Conservation 2016

This is a little late, but I want to share what we accomplished for conservation in 2016! If you were not aware, I donate a portion of each purchase to conservation and this year I chose to give through Rain Forest Trust. I chose them because their administrative costs are funded by private donors allowing our contribution to go 100% to protecting land, trees, and endangered wildlife! Also, they are rated 4 stars (the highest) by Charity Navigator and are well regarded among the multitudes of conservation organizations.

They allow you to chose specifically which project you want your donation to go to, and I chose to help protect land in Papua New Guinea for several reasons!

  1. this gave the greatest acreage impact per dollar given at the time
  2. the program was in partnership with heavily invested local community organizations
  3. much of the land being protected was still virgin old growth
  4. the endangered Tree Kangaroos there are just so cute!

Amazingly we were able to financially provide for the procurement of 120 acres!!!!! Even more exciting, there was a matching donor at the time who donated to triple that amount, bringing the total land purchased to 360 acres!!! 

Here is the certificate of thanks from The Rain Forest Trust:

Feel free to print and save this to remember your part in this!

I cannot thank you enough for your willingness to support my work and my efforts in conservation! I hope to do more every year and find amazing local and global organizations to support to make as large of an impact as possible as a way of remembering the amazing and beautiful resource trees are, both for woodworking, but also for the environment and for our happiness in enjoying their shade and beauty!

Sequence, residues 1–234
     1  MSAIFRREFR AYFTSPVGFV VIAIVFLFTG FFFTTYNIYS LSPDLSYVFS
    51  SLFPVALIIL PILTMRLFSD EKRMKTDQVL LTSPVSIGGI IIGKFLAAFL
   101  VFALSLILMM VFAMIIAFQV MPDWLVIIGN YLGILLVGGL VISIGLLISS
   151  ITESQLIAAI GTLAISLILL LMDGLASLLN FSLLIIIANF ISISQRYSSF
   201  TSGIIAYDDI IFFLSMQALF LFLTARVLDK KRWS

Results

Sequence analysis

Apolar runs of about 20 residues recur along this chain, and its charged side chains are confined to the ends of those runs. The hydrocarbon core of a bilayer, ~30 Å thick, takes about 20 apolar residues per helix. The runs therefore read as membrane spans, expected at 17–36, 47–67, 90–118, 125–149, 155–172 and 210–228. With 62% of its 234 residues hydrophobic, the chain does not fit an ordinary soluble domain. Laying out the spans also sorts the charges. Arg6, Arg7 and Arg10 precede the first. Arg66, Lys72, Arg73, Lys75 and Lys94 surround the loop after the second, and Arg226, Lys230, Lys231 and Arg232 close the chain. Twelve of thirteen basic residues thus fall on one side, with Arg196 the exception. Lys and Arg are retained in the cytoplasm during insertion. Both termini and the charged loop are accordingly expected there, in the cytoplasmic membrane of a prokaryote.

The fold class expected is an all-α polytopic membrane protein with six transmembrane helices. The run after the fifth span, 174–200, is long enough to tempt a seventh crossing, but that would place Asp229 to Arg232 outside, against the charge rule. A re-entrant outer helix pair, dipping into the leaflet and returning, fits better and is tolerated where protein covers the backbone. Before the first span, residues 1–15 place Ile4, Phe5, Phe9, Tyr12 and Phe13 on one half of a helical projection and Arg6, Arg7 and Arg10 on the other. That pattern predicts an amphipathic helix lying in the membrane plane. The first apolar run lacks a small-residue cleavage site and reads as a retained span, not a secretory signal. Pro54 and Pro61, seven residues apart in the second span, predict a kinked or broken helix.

I welcome any suggestions for future organizations that you have an interest in supporting for this next year's conservation efforts in the comments below!

Senco vs. Milwaukee cordless nailers

If you are like me, then efficiency is everything, mostly because you don't like to cleanup! So, putting away a compressor, hoses, and oiling guns, while also having to climb over a hose while working in a shop environment can get quite annoying. I've been moving down the path toward cordless nailers for awhile now, and a few weeks ago, I won an incredibly generous instagram contest from Tool Barn (@tool_barn) and Jason Mollack of JPM Construction (@jpmcontructioninc) for a cordless Milwaukee 18 gauge brad nailer. 

I already had a Senco cordless 15 gauge angled finish nailer that I purchased from my friend Josh, who always has good tool deals available, that I've been running for awhile now and have been quite happy with.

While this is not a great comparison since the guns are not in the same class, each brand's line is similar in build and operation so I thought I'd do a side by side comparison for you and highlight the weaknesses and strengths of each for those looking into cordless nailers.

Here is a side by side of the two nailers, they are roughly similar in size, but the Senco is a finish nailer and the Milwaukee is a brad nailer.

Weight: Both of these have a 2 amp hour battery, but the Senco weighs almost a pound less.

Feel: the balance and ergonomics of the Senco are much nicer, making the weight difference seem even greater, although the MIlwaukee is not uncomfortable.

Nails: Senco recommends only using Senco brand nails with their nailers (and this is supported by user reviews), and while their cost is not any greater, you have to always plan ahead or, like me, keep several thousand nails on hand in every length. I'm in a shop environment so this is of little consequence, but for someone in the field this could present difficulties. The Milwaukee works great with pretty much any brand